A sweet and sticky morning at the Woodstock Farm Market

Annual Maple Fest brings visitors from across New Brunswick


The sap is only beginning to run in New Brunswick now, but those on hand at the Woodstock Farm Market on Saturday morning for the annual Maple Fest didn’t mind seeing last year’s sap being used for this year’s sweet treats.

Basketball tournaments in the area, along with the Little Rocks provincial curling tournament being hosted by the Woodstock Golf and Curling Club and the Florenceville Curling Club brought in a few extra visitors to this year’s festival. Market officials said it was one of the largest crowds in the event’s history.

The highlight of the morning for most of the children, and evening a few adults with a sweet tooth, was the traditional maple taffy, created by pouring hot syrup on the snow. With the use of popsicle-style sticks, the quick-cooled syrup can be quickly rolled into tasty candy on a stick.

Hosted by Laurie and Roy McLellan, whose maple products are regularly on sale at the market,the Maple Fest has become a spring tradition at the market.As she poured the syrup on the snow,Laurie quizzed the children about their knowledge about New Brunswick’s famous maple production. Inside the market, visitors had a chance to enjoy a maple breakfast, which included Pam Burpee’s doughnut-shaped pancakes.

Among those enjoying the unique pancakes was Jared McRae Rogers of Riverview.He and his parents were in town for Little Rocks curling and headed to the market after taking part in the tournaments opening ceremonies at the Woodstock Golf and Country Club.

He also took tried out the taffy, as did Tate Braedley of Fredericton Junction. Tate and her parents were visiting the area while she was participating in a local basketball tournament.

GetContentTate Braedley of Fredericton Junction tries the maple taffy at Woodstock Farm Market’s annual Maple Fest on Saturday.


Laurie McLellan pours the hot syrup to make the sweet maple taffy.


Jesse Anderson takes a bite of his maple taffy.

All Photos: JiM DuMville/Bugle-oBServer

The Start of a New Chapter!

As appear in The Bugle-Observer ~ February 18, 2015

The start of a new chapter in the life of the Woodstock market

Farm market report Keith Helmuth

A new chapter in the life of the Woodstock Farm and Craft Market has begun. But first, a correction from last week’s report; I gave an incorrect phone number for Pam Burpee. Her correct number is 328-3706.    As reported, Pam is now offering a muffin, coffee, and tea service on Wednesday from 10 a.m. to 1 p.m.. This makes the Farm Market a new place for coffee klatch groups to get together. Pam is happy to expand this service to other days of the week (except Friday) and will do so on request, which is why it’s important to get her phone number right.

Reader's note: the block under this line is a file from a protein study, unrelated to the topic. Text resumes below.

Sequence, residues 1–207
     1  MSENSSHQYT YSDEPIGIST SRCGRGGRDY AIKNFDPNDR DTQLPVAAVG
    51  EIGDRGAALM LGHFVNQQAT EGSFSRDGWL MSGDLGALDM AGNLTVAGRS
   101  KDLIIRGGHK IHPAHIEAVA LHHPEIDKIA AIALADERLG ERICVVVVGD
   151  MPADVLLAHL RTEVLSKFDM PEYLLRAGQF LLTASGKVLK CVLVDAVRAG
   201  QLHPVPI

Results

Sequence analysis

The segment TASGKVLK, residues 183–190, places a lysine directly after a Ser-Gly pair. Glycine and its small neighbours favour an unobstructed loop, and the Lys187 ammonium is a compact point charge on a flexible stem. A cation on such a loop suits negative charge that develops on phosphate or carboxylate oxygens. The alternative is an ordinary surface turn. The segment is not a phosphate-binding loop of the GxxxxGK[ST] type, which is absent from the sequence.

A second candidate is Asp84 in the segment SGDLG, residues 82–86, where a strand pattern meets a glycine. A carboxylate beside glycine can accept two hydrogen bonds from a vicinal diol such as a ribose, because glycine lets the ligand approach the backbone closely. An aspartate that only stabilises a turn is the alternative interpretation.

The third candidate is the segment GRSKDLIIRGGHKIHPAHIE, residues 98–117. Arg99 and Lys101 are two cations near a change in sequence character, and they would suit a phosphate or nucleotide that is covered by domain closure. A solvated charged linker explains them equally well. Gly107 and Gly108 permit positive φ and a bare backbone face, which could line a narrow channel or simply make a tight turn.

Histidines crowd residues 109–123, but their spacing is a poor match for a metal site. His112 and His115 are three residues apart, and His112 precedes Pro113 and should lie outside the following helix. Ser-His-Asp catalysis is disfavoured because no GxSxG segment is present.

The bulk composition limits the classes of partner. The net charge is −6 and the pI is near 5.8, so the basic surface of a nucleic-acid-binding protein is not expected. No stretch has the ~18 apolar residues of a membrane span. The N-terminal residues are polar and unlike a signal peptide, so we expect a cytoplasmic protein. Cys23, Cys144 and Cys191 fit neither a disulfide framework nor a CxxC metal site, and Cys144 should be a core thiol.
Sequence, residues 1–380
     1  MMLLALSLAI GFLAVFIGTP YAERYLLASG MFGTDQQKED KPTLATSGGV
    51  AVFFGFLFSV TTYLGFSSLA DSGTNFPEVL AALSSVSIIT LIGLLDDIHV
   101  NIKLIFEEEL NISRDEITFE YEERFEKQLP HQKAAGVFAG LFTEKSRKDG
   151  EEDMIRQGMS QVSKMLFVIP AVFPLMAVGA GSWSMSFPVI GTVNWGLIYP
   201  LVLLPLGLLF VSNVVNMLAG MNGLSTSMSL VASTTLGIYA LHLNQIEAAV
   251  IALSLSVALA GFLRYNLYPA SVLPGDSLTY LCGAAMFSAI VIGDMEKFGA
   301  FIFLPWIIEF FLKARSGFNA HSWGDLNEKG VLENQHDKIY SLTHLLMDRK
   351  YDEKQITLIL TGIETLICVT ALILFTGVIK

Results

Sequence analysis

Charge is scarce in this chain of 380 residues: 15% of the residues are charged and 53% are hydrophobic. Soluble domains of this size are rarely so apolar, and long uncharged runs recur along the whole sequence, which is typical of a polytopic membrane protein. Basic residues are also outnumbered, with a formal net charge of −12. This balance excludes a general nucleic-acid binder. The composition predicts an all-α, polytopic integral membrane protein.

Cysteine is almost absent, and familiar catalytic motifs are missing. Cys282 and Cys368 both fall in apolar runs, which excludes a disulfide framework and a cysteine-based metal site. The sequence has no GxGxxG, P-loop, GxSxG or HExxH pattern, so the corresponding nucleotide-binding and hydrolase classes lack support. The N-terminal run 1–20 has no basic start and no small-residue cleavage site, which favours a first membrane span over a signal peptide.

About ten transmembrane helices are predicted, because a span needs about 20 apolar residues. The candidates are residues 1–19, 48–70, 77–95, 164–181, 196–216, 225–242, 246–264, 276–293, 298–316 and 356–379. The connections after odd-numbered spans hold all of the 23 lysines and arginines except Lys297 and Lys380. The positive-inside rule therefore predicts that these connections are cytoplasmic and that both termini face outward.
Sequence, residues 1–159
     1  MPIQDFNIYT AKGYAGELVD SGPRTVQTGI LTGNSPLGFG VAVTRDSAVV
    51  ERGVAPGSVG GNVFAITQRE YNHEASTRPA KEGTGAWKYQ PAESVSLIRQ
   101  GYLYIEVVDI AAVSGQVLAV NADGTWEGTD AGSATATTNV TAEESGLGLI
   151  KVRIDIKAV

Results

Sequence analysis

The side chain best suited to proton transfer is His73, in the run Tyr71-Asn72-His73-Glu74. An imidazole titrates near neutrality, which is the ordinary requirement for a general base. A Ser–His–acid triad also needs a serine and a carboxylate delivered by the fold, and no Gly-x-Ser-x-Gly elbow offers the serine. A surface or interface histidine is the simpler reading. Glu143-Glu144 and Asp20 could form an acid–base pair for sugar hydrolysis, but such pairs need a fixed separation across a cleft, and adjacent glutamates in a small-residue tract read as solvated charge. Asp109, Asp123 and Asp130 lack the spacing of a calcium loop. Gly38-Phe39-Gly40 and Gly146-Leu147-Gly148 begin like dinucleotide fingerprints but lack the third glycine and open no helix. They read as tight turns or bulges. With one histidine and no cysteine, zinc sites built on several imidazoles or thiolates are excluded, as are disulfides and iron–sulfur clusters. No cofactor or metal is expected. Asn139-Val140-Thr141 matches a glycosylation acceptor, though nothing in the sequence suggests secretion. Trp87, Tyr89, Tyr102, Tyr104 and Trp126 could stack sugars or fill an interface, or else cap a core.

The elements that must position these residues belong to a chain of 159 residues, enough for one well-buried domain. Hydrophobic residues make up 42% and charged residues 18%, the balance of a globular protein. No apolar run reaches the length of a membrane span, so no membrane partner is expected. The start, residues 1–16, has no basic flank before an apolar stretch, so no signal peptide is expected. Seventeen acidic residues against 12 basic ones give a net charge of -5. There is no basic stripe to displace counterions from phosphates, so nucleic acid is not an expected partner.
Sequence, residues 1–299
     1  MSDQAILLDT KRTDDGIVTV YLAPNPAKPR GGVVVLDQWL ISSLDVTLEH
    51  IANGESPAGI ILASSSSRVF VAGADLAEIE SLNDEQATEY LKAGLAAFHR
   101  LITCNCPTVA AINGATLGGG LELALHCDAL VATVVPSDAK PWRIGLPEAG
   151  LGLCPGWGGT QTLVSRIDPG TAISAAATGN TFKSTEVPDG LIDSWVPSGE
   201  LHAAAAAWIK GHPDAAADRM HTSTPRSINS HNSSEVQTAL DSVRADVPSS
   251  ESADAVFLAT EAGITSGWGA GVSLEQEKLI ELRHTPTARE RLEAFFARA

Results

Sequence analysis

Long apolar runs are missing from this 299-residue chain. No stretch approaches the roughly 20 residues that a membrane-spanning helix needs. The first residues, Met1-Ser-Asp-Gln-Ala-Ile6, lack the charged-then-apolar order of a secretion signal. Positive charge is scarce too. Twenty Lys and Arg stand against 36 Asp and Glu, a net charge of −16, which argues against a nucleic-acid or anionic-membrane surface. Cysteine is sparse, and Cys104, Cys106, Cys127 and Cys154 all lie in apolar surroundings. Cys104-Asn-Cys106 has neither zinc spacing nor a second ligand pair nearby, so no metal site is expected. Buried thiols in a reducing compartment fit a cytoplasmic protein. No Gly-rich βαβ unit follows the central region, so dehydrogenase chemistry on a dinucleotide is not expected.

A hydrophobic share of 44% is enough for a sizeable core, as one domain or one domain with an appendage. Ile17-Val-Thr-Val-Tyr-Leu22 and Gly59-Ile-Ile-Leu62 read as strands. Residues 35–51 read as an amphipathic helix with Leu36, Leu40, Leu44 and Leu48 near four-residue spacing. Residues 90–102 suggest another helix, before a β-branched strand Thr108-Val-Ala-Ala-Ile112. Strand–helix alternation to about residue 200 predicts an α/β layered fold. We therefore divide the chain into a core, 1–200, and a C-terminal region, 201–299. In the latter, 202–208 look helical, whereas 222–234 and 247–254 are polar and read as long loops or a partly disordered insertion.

It’s the new chapter in the Farm Market’s life that makes this opportunity possible. The Market now has convenient seating for at least 15 to 20 people depending on the arrangement of tables and chairs.  The muffin, coffee, and tea service was set up as scheduled on Valentine’s Day despite the extremely low morning temperature. The draw for the Valentine’s Day cake was held at 1 p.m. on Saturday and the winner was Portia Lynn. Thanks to the many folks who entered the draw while shopping at the Market last week.

Even though the snow is still piling up and swirling along the river bank, there is always easy parking at the Market, the ground level entrance on the north side is always well plowed out, and inside the Market Building it’s always warm and cozy.

The interior renovations in the Market are now almost complete. Last week added a new shelving unit for used books at one end and a new unit for regional authors’ books at the other end. Several new books from local authors are now on the shelves, including an upbeat illustrated children’s book by Keith Lyon on dealing with  mental illness. The book is titled Princess Madison and Princess Haley. For more information go to  www.keithlyonbooks.com   Book events for Keith Lyon and other regional authors will be scheduled in the future. This is another way the new arrangements in the Woodstock Farm Market can be used for special events.

There is a sad note for the Farm Market this past week as well; long time vendor Dick Cougle passed away. Dick has been well known for his log cabin birdhouses and furniture for children. We will miss Dick’s visits to the Market and remember fondly his contribution to its growing success.


One of the founders and a long-time member of the Woodstock Farm Market